March 30, 2011 10:49:00 AM
Jan Swoope - firstname.lastname@example.org
Granted, there''s still a nip in the nightly air, but as April makes her entrance, the season''s first produce is beginning to make its debut. Savvy shoppers in the Golden Triangle will soon be heading to farmers'' markets for the freshest and most nutrient-rich vegetables and fruits.
To celebrate our emerging gardens -- and to mark the first April Spring Market at the Hitching Lot Farmers'' Market beginning Saturday in Columbus -- we''ve rounded up recipes for some pretty salads that will add a distinctive touch to your luncheon, dinner party or family meal. With each passing week, more and more of many of the ingredients needed will be available from local growers.
Because many vendors who participate in the Hitching Lot season will have produce well before the official May 14 grand opening of the community market located at the intersection of Second Avenue and Second Street North, market organizers decided to open from 7-10 a.m. on Saturdays in April (except April 16, which is the Giant Possum Town Yard Sale).
"It''s just an extended opportunity for farmers to showcase their produce and for people to start getting fresh foods," said Amber Brislin, executive director of Main Street Columbus.
Phil Lancaster of Hamilton has been a regular vendor for more than 15 years and will be on hand this weekend. In the height of the season, he''ll have peas, okra, cucumber, tomatoes, peaches and more.
"I hope to have some greens Saturday -- mustard and turnip greens; it just depends on how fast they grow. I''m watching ''em," said the veteran farmer. "I''ll definitely have free range eggs. Everything''s got a good start. Everything''s budded out; the peach trees even have little peaches on ''em."
Early shoppers can expect to find Mayhew Tomato Farm''s wide selection of jellies, salsas, pickled squash, beets and numerous other canned products Saturday.
"We expect to have fresh strawberries to bring by the April 9 market," said M.C. Ellis, who operates the farm with his wife, Frances, and son, Mel. And the plump, ripe tomatoes? Barring a backlash from Mother Nature, they should take centerstage some time in the second half of May.
Black Creek Farm''s Scott Enlow hopes to have a limited quantity of collards and possibly kale and cabbage this weekend, but looks forward, too, to renewing acquaintances among the market faithful, and meeting new converts at the community gathering place.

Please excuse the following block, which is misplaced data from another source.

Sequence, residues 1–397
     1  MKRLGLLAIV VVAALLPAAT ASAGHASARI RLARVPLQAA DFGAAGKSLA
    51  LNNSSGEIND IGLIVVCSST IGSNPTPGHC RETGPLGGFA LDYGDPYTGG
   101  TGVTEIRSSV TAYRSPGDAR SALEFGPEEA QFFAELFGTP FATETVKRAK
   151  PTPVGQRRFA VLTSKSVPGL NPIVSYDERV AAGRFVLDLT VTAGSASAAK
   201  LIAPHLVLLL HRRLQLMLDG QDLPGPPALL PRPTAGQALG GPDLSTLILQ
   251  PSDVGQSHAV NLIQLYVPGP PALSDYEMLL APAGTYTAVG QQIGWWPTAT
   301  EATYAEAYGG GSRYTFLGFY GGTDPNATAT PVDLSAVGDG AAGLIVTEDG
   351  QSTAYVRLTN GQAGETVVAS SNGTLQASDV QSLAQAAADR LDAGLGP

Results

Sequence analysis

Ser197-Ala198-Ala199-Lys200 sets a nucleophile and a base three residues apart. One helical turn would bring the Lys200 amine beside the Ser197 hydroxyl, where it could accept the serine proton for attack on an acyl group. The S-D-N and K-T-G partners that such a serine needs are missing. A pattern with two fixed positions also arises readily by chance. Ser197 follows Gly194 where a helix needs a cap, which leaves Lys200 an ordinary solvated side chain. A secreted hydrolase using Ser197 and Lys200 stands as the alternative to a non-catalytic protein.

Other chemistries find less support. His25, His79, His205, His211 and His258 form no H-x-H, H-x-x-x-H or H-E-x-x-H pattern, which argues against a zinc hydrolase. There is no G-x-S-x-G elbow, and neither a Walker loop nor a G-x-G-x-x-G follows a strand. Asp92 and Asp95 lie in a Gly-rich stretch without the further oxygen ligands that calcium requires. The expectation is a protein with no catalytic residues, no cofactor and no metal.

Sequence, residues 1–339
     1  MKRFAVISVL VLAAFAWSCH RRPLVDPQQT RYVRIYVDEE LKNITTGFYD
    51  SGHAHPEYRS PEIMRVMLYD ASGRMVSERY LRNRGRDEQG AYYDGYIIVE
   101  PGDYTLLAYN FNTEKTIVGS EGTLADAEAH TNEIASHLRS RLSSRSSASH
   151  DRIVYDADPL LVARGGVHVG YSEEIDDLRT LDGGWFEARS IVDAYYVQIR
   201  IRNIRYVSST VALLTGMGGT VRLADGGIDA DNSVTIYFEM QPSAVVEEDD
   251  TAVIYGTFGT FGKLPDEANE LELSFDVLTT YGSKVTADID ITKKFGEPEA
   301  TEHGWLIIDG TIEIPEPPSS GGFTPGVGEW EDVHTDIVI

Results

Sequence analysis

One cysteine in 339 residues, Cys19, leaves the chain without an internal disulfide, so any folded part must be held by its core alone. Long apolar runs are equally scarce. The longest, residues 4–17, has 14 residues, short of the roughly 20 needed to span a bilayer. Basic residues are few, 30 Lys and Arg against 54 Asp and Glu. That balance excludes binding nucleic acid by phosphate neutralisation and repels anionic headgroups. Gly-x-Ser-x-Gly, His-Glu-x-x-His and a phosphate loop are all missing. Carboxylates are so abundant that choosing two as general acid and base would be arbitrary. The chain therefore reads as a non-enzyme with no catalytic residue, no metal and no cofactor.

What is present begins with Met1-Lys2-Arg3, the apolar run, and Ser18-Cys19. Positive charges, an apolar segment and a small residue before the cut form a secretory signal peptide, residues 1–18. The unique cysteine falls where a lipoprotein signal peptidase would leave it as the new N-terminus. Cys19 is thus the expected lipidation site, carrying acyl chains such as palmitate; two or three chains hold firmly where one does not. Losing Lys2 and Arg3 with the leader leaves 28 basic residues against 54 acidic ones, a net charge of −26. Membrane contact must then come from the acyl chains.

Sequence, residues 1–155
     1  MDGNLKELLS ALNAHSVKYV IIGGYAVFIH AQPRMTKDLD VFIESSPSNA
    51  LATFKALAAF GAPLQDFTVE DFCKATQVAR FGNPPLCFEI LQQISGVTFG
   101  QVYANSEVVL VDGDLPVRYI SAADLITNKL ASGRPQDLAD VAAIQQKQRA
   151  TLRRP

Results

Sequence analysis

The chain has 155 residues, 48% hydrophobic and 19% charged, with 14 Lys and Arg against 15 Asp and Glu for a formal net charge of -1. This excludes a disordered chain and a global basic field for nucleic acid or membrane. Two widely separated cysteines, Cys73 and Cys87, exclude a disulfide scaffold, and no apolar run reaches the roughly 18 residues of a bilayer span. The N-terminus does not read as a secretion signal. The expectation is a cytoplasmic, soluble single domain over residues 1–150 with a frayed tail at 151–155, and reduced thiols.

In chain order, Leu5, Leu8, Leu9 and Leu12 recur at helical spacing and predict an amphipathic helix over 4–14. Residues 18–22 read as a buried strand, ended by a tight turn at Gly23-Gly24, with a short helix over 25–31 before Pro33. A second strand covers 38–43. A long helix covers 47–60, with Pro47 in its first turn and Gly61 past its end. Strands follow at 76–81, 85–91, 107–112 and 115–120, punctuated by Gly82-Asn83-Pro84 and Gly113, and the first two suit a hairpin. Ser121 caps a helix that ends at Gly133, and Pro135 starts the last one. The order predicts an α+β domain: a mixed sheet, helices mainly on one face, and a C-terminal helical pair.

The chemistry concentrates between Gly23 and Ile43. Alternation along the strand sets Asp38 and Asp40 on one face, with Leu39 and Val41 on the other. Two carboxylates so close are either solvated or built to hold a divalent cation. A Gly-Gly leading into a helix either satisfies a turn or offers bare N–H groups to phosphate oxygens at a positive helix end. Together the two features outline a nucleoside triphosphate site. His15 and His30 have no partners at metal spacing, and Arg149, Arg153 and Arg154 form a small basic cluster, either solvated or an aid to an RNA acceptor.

"I''d be there to visit, if nothing else," he chuckled.
Several local craftspeople are expected with their wares. Daylillies should also be available.
Beginning May 14, live music and a free children''s activity will be part of market Saturdays in Columbus. Produce vendors will also sell on Tuesday and Thursdays mornings from 6-10 a.m. after the grand opening.
Elsewhere in the Golden Triangle, the Starkville Community Market will begin its selling season May 7 and be open from 7:30 a.m.-10 a.m. each Saturday at the corner of Jackson and Lampkin Streets.
In West Point, a farmers'' market will be open on Thursdays in June from 4-7 p.m. at the Mossy Oak Outlet, according to Martha Allen of the Clay County/West Point Community Growth Alliance.
Welcome, April. The bounty is near. So, for the best of good things locally grown, made or conjured up, plan to stop by your farmers'' market early and often.
SUNBURST CARROT SALAD
Serves four to six
Two bunches carrots, preferably spring carrots
Extra virgin olive oil
Fine grain sea salt
One green chile (serrano), deveined and minced
One lemon, zest and juice
1 cup cilantro, chopped
1 cup green pumpkin seeds (pepitas), toasted
FRESH APRICOT THAI SALAD
2 cups fresh apricots, diced
2 cups cooked chicken, diced
1 cup cucumber, peeled and sliced
1 cup bean sprouts, rinsed
1/4 cup rice vinegar
1 tablespoon fresh cilantro, chopped
2 teaspoon sugar
1/2 teaspoon chili oil
1/4 cup vegetable oil
One lime, cut into wedges
2 tablespoons peanuts, coarsely chopped
ORANGE AND RADISH SALAD
One to two bunches red radishes, about 1⁄2 pound, washed and trimmed
1 1⁄2 tablespoons sugar
1 teaspoon orange flower water
1 1⁄2 tablespoons fresh lemon juice
2 tablespoons fresh orange juice
One seedless orange
Leaves from two sprigs fresh mint
SIMPLE SPRING SALAD
One and one-half oranges
One half lemon, juice only
One half small red onion, chopped
1/4 cup extra virgin olive oil
1/8 teaspoon fine grain salt
Four big handfuls of salad greens, washed and dried
1/2 cup walnut halves, toasted
1/3 cup black olives, (the wrinkly, oily ones), pitted
Jan Swoope is the Lifestyles Editor for The Commercial Dispatch.